Add to My MSN

Crunch Time at the Homestead

5/15/2014 9:58:00 AM

Tags: Homestead, Garden, Planting, Seed Starting, Erin Sheehan

Erin SheehanThings around our homestead are kicking into high gear as we get ready for another growing season.The garden looks pretty bare now but won't for long.




Our seedlings have graduated from the grow lights to spending a few hours every day outside soaking up the sun and experiencing the wind. Seedlings are tender and have to “harden off” before we can stick them out in the garden. In a week or so they’ll be ready to face the outside world for good.



We have our cold-loving crops pretty much all planted: a few kinds of lettuce, Swiss chard, broccoli, kale, spinach, peas, and several herbs. The garden is slowly filling up. Jim’s tilled in the winter rye cover crop twice in the hopes that it won’t come back again.



peas3We planted onion sets at the community plot last week. We haven’t tried growing onions in the past, but onions are about the only vegetable we buy instead of grow, so we thought we’d better give them a try this year.

My “Sweet Meat” and “Neck” pumpkins finally sprouted. The seed packages say 10 to 14 days, and they took nearly that whole time. I started them in pots on warming mats, but they sit on our front porch, which has been quite chilly this spring due to the unusually cool weather. We had a warm spell last week and on day 12 all but one had popped out of the dirt! It was so exciting to see those tender shoots finally coming up. I grew Neck pumpkins last year with great success, but the Sweet Meats are freebie seeds I got from the community garden supply. These types of pumpkins take 110 to 120 days, a real stretch in our area. We hope to get them in the ground in the next week or 10 days.

I bought some marigolds and alyssum at a local church flower sale to use as companion plants in the garden. They help repel the bad insects and attract the good ones so we do try to squeeze them in. Grandpa always put marigolds in his garden, and my mom has always had them in hers. This is our first year trying alyssum, I read in a magazine that it’s good to have in the garden so we’ll give it a try.

With so much still to put in the ground, we have a whole lot of work ahead. It’s a busy time at our homestead. But it’s also the most hopeful time of the year as we see the potential of a great growing season. I hope your garden is starting up well this year, too!


Related Content

Signs of Spring

Early spring on Green's Organic Farm and Apiary.

Past, Present and Future Homesteader

Growing up with homesteaders, I never thought of myself as one until recently.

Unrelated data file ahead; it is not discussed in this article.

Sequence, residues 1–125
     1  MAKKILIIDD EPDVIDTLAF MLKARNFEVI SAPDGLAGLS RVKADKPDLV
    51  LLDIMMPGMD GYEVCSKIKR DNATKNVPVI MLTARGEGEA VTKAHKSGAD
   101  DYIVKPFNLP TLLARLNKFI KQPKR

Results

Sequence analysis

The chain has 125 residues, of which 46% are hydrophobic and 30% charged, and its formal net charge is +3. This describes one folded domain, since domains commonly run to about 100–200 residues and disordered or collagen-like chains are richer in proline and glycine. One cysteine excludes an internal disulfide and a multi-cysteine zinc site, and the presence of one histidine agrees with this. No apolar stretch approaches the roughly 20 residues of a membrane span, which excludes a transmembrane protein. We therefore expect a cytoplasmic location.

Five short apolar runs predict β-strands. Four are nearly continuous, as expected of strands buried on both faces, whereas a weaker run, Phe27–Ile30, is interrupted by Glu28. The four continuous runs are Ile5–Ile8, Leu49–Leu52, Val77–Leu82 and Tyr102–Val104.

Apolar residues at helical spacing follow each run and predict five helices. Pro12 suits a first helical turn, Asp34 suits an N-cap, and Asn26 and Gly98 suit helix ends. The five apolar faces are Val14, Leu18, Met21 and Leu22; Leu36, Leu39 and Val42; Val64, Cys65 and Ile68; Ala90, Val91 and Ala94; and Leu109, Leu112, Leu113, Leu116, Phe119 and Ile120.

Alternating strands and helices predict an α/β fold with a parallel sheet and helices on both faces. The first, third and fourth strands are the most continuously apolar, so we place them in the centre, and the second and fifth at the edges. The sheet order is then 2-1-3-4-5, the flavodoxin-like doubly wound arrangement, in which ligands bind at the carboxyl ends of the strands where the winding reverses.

Stages of a Homesteader

The stages of a homesteader and how we go from obsessive interest to peaceful stability.

A Blarney Blog

When you are in pain and cannot do much, you can always recall memories of happy times.

Content Tools

Post a comment below.


5/28/2014 2:05:38 PM
Erin, it is indeed a busy time of the year. Planting is in full swing here in Nebraska as well. It really should be done by now but the Spring weather has delayed the planting times. The plants that were in the ground (cabbage, onions, lettuce, radishes) grew slow. Now that the temperatures have finally warmed up and stabilized, everything is exploding. The tomatoes are even starting to show some growth as apposed to just sitting there shivering. The two cherry tomatoes given to me by a neighbor actually have blooms. I was really pleasantly surprised to see that. I am just really not going to be able to plant as much as I would like this year but I did get all my sweet corn planted. A patch for the animals and a patch for me. Now the race is on to complete the fence around the patch that's for me. I should be able to complete the last 45 feet of fence before the corn ripens in August. I'm putting up a six foot high recycled wooden cedar fence around a 30X30 garden area and lining it with chicken wire on the inside of the fence. Good luck with your gardening year ***** Have a great crunch time at the homestead day.

Subscribe today
First Name: *
Last Name: *
Address: *
City: *
State/Province: *
Zip/Postal Code:*
(* indicates a required item)
Canadian subs: 1 year, (includes postage & GST). Foreign subs: 1 year, . U.S. funds.
Canadian Subscribers - Click Here
Non US and Canadian Subscribers - Click Here

Want to rediscover what made grandma’s house the fun place we all remember? Capper’s Farmer — the newly restored publication from the rural know-how experts at — updates the tried-and-true methods your grandparents used for cooking, crafting, gardening and so much more. Subscribe today and discover the joys of homemade living and homesteading insight — with a dash of modern living — that makes up the new Capper’s Farmer.

Save Even More Money with our automatic renewal savings plan!

Pay now with a credit card and take advantage of our automatic renewal savings plan. You save an additional $5 and get 4 issues of Capper's Farmer for only $19.95 (USA only).

Or, Bill Me Later and I'll pay just $19.95 for a one year subscription!